Efforts to integrate autistic children in Oman’s society

Energy Monday 01/April/2019 21:14 PM
By: Times News Service
Efforts to integrate autistic children in Oman’s society

Muscat: Oman has come a long way in the care and services it provides to autistic children, according to an official from the Oman Autism Society.
Today, April 2, 2019 marks World Autism Day, and to mark the occasion, Ali Al Namaani, Secretary General of the Oman Autism Society, spoke to Times of Oman about the progress the Sultanate has made with regards to its understanding on autism.
“In the past few years, we have worked hard to change the perception of autism in people’s minds. Five years ago, the services provided to autistic children were limited. Autism was a stigma to some, and parents used to be ashamed and might hide the fact they had an autistic child.”
Oman Autism Society was established in February 2014 and since then the association has helped abolish the stigma against children with autism, by giving parents a place where they can learn about condition.
“There has been a noticeable increase in the integration of autistic children in both private and government schools,” Al Namaani said.
“We have used all the means open to us, such as social media, television and radio to increase awareness within families and among communities.”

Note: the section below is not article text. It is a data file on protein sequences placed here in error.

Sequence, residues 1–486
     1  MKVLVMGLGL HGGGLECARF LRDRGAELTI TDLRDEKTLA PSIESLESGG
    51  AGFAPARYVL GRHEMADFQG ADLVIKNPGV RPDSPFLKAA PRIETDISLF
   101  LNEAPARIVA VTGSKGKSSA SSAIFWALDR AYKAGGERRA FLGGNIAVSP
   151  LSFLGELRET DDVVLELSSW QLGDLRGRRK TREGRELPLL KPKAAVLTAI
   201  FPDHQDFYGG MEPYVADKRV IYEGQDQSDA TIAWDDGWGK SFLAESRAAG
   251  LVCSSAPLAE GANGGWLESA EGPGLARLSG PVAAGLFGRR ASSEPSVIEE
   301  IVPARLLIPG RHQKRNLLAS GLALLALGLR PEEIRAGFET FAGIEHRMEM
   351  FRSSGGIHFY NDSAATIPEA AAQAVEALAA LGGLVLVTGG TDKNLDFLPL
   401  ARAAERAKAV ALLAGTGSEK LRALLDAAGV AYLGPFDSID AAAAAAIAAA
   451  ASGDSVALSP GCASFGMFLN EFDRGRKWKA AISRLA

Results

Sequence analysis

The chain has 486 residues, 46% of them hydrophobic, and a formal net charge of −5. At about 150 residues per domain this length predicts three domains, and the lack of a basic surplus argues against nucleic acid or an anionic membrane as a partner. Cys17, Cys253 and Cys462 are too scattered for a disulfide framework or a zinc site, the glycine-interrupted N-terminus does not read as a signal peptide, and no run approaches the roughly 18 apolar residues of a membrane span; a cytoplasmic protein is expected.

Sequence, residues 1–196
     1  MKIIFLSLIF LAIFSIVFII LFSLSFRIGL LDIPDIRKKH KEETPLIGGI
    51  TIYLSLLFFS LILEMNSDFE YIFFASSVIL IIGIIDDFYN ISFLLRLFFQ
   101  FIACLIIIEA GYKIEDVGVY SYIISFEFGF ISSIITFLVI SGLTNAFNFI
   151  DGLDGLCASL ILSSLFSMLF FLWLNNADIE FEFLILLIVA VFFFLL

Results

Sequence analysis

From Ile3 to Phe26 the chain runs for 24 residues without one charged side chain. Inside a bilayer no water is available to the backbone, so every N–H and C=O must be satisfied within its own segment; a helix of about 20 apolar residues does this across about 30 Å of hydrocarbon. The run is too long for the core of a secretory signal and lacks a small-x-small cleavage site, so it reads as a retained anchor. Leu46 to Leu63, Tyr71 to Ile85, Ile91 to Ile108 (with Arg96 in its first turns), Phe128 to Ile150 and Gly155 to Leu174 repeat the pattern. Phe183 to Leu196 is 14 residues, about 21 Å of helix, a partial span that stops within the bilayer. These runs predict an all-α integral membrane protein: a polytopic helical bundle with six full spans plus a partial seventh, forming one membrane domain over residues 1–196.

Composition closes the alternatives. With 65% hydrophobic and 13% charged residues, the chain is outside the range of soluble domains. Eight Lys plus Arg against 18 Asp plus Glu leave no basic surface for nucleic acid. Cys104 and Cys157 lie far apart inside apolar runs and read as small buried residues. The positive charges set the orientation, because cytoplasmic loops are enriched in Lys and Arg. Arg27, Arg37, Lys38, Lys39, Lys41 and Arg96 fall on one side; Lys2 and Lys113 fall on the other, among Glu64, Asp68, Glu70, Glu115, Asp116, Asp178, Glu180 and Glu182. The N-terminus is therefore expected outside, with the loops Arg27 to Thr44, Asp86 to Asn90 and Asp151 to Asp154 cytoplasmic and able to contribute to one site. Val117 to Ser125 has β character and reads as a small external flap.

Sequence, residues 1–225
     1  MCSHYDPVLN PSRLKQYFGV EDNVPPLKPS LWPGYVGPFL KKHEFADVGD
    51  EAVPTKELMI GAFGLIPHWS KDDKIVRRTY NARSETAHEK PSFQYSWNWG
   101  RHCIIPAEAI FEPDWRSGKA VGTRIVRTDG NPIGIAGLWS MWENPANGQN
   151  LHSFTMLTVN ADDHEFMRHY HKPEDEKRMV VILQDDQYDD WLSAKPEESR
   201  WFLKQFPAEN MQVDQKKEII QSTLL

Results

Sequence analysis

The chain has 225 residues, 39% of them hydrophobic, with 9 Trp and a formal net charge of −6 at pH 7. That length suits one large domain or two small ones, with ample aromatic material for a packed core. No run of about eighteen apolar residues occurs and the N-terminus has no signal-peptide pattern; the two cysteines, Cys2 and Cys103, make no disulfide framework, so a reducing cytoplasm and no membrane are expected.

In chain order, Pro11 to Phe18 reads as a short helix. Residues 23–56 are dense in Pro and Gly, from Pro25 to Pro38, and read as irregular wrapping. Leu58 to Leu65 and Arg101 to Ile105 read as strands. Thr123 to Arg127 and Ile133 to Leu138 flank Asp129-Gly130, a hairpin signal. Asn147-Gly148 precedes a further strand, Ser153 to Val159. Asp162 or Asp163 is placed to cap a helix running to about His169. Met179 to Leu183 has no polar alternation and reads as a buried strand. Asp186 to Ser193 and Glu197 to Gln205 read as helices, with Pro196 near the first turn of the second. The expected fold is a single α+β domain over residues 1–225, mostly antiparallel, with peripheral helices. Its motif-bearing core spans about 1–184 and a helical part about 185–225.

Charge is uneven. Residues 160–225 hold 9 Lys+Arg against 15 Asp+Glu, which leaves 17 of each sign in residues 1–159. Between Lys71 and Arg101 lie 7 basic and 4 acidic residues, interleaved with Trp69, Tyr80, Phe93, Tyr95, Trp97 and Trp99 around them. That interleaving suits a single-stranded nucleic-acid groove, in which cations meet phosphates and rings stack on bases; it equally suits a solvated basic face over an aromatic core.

Al Namaani added, “We have been setting up workshops, seminars and lectures at Smart Training Centre to educate parents about autism and help them to deal with their autistic child.
Currently, there are 27 government centres called “Al Wafa” for disabled children, and another 31 in the private sector. Despite the increase in centres related to autism, Al Namaani says the issue now is one of location.
“Almost 60 per cent of the centres are in Muscat which is something that we are trying to change, because it means that services are too centralised. There are many wilayats that don’t have any services for autistic children,” Al Namaani added. Oman Autism Society has plans to open an innovative school for autistic children.
“One of our future projects is Al Hayah school for autistic children. It will be the first in Oman and we plan to install state of the art technology and equipment that will help in the development of each child, in addition to trained staff who specialise in dealing with Autism Spectrum Disorder cases.
“As an NGO we continuously need support from the private and public sector in our work. We hope that Ministries will ease the opening of such centres. We also hope that the private sector would support the much-needed programmes related to autism.
According to the Ministry of Social Development, there are 2,235 children enrolled in Wafa centres for the rehabilitation of disabled children. Overall, there are 27 centres throughout the Sultanate that provide daytime care to children between the ages of 2-14, 5 days a week.
These centres care for children with visual, hearing and physical disabilities, as well as Down Syndrome and autism.